Erdogan ahead in Turkey initial vote results

Early results from Turkey’s national election late on Sunday showed President Recep Tayyip Erdogan with a solid lead after nearly 20% of ballot boxes were counted, the Turkish state-run news agency said.
Erdogan had 55% of the vote, compared to 39% garnered by main opposition leader Kemal Kilicdaroglu, Anadolu Agency reported.
Faik Oztrak, a spokesman for Kilicdaroglu’s center-left party, cautioned the early returns were preliminary and said the “picture is extremely positive” for the opposition.
Erdogan has ruled Turkey as prime minister or president since 2003. Pre-election polling suggested he faced the toughest reelection battle of his two decades leading the NATO member country, which has grappled with economic turmoil and the erosion of democratic checks-and-balances in recent years.
Polls closed in the late afternoon after nine hours of voting in the national election that could grant Erdogan, 69, another five-year term or see him unseated by Kilicdaroglu, who campaigned on a promise to return Turkey to a more democratic path.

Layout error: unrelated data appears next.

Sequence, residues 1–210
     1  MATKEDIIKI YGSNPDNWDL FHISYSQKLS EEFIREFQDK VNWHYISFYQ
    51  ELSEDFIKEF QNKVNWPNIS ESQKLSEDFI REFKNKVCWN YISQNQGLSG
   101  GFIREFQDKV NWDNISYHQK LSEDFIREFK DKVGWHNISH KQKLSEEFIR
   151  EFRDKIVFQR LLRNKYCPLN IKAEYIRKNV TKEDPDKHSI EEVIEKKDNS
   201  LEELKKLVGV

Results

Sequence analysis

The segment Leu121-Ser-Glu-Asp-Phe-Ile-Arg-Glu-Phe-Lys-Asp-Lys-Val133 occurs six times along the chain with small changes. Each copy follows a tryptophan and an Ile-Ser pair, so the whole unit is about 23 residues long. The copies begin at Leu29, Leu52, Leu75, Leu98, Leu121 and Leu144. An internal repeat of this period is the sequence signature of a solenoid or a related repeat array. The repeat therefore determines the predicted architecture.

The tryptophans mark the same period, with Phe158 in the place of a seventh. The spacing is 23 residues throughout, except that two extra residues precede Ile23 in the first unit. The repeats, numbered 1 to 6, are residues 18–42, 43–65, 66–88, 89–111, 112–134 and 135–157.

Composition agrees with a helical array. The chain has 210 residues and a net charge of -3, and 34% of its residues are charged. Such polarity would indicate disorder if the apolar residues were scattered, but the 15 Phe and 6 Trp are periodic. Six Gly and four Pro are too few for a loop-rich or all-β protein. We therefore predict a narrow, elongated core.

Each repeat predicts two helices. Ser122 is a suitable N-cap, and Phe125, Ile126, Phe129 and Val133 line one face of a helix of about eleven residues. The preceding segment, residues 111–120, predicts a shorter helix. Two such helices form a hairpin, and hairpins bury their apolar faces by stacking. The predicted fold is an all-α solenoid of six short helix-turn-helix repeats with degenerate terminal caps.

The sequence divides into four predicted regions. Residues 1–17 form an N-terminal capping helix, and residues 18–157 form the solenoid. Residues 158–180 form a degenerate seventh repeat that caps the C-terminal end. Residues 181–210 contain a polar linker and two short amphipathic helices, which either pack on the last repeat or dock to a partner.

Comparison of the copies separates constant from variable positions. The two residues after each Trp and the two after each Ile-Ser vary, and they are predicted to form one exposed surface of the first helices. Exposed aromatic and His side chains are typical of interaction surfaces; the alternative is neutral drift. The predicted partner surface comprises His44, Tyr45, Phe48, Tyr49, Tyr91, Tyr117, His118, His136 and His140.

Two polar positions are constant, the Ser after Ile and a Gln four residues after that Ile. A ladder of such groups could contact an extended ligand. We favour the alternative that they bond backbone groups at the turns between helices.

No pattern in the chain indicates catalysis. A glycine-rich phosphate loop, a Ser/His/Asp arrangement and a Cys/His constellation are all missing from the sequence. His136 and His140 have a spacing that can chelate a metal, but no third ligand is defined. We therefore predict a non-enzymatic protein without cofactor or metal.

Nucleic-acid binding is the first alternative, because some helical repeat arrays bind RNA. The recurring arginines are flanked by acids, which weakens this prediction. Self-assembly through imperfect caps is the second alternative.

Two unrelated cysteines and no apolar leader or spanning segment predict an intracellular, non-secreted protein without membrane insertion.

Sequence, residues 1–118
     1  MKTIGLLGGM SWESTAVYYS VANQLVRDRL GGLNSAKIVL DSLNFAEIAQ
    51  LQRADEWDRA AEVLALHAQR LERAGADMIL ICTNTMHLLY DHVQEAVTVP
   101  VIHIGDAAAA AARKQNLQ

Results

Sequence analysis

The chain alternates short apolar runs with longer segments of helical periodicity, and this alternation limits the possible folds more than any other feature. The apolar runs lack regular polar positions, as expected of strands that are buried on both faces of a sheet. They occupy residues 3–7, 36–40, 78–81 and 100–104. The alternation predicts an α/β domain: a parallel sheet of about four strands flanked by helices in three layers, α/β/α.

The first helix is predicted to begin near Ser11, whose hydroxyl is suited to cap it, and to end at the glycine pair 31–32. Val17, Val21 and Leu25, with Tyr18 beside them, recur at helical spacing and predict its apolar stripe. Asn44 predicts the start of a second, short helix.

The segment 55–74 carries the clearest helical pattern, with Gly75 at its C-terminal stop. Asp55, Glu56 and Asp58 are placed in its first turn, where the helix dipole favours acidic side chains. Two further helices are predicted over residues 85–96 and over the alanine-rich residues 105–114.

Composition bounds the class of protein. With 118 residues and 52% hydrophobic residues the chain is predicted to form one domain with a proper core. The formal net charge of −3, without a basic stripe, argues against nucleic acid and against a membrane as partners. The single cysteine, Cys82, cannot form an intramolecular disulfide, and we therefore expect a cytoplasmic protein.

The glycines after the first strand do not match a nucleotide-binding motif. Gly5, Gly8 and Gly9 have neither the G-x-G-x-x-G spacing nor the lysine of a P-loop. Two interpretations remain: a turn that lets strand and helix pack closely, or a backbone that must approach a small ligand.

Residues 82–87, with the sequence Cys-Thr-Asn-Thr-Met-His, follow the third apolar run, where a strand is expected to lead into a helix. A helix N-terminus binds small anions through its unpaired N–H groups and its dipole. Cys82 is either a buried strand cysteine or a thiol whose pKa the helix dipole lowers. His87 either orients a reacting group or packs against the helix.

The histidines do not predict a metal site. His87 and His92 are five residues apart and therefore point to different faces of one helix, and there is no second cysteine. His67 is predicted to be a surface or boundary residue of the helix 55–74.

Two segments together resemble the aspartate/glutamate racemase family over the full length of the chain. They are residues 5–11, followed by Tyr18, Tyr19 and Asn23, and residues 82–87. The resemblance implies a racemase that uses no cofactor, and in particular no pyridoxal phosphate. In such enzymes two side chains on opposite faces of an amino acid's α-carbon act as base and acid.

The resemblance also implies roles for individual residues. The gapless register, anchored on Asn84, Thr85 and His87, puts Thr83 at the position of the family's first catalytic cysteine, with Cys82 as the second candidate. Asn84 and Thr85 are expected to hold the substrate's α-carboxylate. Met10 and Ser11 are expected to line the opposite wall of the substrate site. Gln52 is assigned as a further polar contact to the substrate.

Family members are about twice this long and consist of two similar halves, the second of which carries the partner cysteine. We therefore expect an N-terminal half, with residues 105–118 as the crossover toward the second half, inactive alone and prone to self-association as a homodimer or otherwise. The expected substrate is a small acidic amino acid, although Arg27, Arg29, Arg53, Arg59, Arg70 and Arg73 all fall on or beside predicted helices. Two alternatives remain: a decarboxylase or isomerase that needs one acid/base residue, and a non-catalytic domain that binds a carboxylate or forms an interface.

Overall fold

If no candidate receives more than 50% of the vote, the winner will be determined in a May 28 run-off.
Voters also elected lawmakers to fill Turkey’s 600-seat parliament, which lost much of its legislative power under Erdogan’s executive presidency.
Pre-election polls gave a slight lead to Kilicdaroglu, 74, who was the candidate of a six-party opposition alliance. He leads the center-left, pro-secular Republican People’s Party, or CHP.
More than 64 million people, including 3.4 million overseas voters, were eligible to vote in the elections.
Turkey is wracked by a steep cost-of-living crisis that critics blame on the government’s mishandling of the economy.
The latest official statistics showed inflation at about 44%, down from around 86%, though independent experts believe costs continue to rise at a much higher rate.
Turkey is also reeling from the effects of a powerful earthquake that caused devastation in 11 southern provinces in February, killing more than 50,000 people in unsafe buildings. Erdogan’s government has been criticized for its delayed and stunted response to the disaster, as well as a lax implementation of building codes that exacerbated the casualties and misery.


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